One author/editor per article
Knol will, as I understand it, have one author per article. The idea is obviously to make it more transparant who wrote it, and thus increase the credibility of the article.

Wikipedia, on the other hand, have a more collaborational approach to articles. It is basically open for anyone to add and edit the information in an article. To me that adds value. More than one view will be represented in an article, and the whole community can contribute with knowledge.

Get paid by ads
Knol will have ads on each article, and the author will get income from the ads.

This will create a marketplace for the best (most used) words of course. Authors would probably strive to get popular words to write about. If you are driven by the potential revenue from the ads you would not like to write about some obscure, niche, word.

Knol is a standard encyclopedia
Together this two aspects makes Knol very much a standard encyclopedia to me. Just as in a printed encyclopedia the authors gets paid to write an article, and is to a very high degree responsible for the content.

Knol is more Web 1.0 than 2.0?
So - so far I do not see the level of collaboration in Knol that would make it a good collaborative approach. Yes, the set of articles (knols) is collected through some kind of crowd-sourcing. Just as Wikipedia. But the individual article is to a high degree controlled by a single editor.

Just as Web 1.0. A set of web sites, individually owned and loosely coupled through links.

Now, you can probably expect a set of social functionality. Such as the ability for readers to rank articles. But I still expect that there will be one article around each topic. Or? What do you think?

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Tuesday, December 18, 2007

The "Kollektomat"

I must admit I don't go to church regulary. But on some occations you find your way to a church. Especially at this time of year with Christmas around the corner.

Last week I found myself in Viksjö kyrka. And there I found something I hadn't seen before. A "Kollektomat". An ATM machine designed to take donations at church.

A natural opportunity in todays cash-less society I guess.

You are able to select how much to donate and to what cause. And the receipt you get can be put in the collection basket (or what is "kollekthåv" in English? Anyone?) instead of cash.

Here is a snapshot of the instructions (sorry, in Swedish):
Of course there is a business opportunity here as well. I haven't looked at the business case, but here is the pricelist for the terminal (and the prices excludes the actual ATM terminal).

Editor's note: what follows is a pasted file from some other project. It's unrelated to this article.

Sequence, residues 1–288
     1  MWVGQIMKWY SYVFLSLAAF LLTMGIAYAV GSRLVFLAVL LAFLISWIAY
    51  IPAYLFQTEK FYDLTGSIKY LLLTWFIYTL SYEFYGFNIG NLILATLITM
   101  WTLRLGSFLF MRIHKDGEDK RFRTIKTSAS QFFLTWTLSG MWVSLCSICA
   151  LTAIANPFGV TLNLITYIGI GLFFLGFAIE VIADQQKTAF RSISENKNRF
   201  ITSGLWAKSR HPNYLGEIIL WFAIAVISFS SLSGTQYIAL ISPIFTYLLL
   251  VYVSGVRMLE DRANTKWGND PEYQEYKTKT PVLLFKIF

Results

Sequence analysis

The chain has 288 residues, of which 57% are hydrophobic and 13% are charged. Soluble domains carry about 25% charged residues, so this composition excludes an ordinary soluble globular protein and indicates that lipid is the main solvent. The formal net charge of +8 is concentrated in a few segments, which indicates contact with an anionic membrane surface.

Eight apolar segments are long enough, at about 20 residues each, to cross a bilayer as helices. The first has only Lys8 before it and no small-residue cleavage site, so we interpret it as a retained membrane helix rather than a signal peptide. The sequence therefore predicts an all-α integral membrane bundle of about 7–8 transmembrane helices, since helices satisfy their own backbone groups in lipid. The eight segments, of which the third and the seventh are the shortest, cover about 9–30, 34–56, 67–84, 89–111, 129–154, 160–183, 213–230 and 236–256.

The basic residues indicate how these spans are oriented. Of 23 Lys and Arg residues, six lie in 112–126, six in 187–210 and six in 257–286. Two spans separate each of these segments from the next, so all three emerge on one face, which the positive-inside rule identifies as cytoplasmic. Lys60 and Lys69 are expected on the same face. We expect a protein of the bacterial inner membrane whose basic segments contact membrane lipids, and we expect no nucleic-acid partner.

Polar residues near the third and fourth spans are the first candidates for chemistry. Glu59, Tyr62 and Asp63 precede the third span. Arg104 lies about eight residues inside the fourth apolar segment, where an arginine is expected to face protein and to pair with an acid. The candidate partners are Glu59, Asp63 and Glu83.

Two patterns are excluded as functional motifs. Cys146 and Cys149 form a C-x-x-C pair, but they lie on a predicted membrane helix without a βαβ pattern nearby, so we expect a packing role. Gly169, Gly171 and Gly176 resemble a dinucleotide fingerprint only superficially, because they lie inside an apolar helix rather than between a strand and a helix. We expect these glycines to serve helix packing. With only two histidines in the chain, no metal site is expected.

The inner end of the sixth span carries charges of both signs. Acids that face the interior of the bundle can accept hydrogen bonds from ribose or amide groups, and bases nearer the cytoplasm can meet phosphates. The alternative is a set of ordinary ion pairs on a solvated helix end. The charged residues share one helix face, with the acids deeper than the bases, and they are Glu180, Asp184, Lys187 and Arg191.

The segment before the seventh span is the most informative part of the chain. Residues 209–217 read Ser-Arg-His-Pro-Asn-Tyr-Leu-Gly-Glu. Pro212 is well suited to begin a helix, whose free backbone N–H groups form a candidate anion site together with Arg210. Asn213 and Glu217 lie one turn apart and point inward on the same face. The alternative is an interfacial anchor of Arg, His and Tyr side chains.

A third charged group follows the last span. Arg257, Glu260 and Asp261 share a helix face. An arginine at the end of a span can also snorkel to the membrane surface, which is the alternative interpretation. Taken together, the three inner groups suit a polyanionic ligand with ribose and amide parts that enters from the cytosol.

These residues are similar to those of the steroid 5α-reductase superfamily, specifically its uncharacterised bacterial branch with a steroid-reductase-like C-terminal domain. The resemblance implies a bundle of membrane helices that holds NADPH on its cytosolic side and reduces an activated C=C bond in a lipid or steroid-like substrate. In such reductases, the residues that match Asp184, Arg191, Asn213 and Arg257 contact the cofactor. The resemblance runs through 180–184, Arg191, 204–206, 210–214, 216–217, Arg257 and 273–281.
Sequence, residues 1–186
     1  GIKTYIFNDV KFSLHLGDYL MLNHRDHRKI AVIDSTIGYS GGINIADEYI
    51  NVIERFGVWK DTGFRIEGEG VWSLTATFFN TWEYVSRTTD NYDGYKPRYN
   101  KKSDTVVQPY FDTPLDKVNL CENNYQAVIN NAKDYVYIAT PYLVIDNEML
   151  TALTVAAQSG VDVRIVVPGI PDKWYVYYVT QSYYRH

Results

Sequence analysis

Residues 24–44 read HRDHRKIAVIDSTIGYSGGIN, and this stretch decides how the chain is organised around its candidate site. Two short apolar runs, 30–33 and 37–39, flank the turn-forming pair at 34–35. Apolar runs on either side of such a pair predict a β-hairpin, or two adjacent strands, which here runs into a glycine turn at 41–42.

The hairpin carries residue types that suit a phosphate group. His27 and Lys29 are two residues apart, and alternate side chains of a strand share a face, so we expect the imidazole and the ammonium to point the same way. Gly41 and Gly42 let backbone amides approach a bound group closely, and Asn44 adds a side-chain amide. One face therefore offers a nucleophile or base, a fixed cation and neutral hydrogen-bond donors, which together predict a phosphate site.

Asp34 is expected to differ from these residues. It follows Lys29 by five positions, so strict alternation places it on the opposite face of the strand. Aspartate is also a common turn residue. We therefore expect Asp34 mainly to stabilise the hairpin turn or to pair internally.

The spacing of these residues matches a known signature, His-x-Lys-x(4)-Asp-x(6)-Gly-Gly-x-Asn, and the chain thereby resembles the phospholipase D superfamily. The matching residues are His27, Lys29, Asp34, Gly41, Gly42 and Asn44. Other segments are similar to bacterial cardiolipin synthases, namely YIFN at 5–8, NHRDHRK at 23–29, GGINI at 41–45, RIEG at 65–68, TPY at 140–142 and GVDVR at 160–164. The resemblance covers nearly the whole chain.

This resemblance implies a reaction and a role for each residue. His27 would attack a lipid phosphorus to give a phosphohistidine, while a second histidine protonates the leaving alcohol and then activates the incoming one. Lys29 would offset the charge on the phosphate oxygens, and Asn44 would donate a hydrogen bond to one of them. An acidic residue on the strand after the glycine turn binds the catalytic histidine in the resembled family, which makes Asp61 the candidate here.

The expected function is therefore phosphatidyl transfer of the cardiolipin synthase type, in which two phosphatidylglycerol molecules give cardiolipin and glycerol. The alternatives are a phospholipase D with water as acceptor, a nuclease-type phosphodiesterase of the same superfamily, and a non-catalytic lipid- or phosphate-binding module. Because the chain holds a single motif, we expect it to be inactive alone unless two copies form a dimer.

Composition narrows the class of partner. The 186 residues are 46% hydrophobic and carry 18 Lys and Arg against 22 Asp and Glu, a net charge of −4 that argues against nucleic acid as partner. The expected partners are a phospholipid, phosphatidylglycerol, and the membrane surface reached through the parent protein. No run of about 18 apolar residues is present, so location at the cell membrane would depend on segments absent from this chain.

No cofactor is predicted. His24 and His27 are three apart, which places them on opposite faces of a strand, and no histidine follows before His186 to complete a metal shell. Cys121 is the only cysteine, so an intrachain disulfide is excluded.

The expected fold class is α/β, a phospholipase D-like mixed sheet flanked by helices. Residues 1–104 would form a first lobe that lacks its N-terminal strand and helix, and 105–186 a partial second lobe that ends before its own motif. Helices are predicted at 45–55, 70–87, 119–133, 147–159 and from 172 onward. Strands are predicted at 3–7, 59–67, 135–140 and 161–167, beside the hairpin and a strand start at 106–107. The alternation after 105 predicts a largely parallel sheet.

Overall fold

When I Googled for this type of stuff I found an article from the Washington Post, that incidently was published almost exactly one year ago.

Finally, the Kollektomat has a marketing video on YouTube:


Monday, December 17, 2007

Google Social Contacts - Google Reader steps forward

I earlier asked where Google Contacts where. Then I thought that the new enhancements of Gmail included that.

Later I was a bit disappointed with the new contacts part of Gmail. It didn't seem to add any major improvement.

Now Google Reader has gone social. With the possibility for those of your friends you have in your Gmail chat/Gtalk address book to share interesting items with you.

Works quite well so far. I first noticed this two days ago when two of my friends' shared items turned up in my Google Reader.

Robert Scoble found that duplicates occured. If someone shared an item already in your feeds, or if multiple friends shared the same item. Interesting that the first comment on that post was from a Google Reader engineer - we might see some enhancements soon.

Also announced the same day from Google was Google Profiles. Your profile that will be shown ie when sharing items in Google Reader, but also in Google maps etc.

What's missing here?
The ability to update more that just your name, photo and web sites. It seems like a small step to add the possibility to edit and share other information to selected friends. Your email, phone, address etc. If that is added we get close to the Plaxo value statement, and things gets even more interesting.

All in all, this is very much in line with this article from the New York Times, and this post from Marc Canter talks about email as the basis for a Social Graph. Chris Brogan also had a post on this topic yesterday. Steve Rubel wrote a piece on portals' position in the Social Networking arena some time ago.

But - Google Contacts?
Still I don't see a really compelling address book from Google, but they might be getting there. I still miss an obvious interface towards my Google address book. And an inclusion of Social contacts updates like Plaxo do would be nice.

In the mean time
Feel free to add me as your friend to take part of my shared items. I would love to see yours!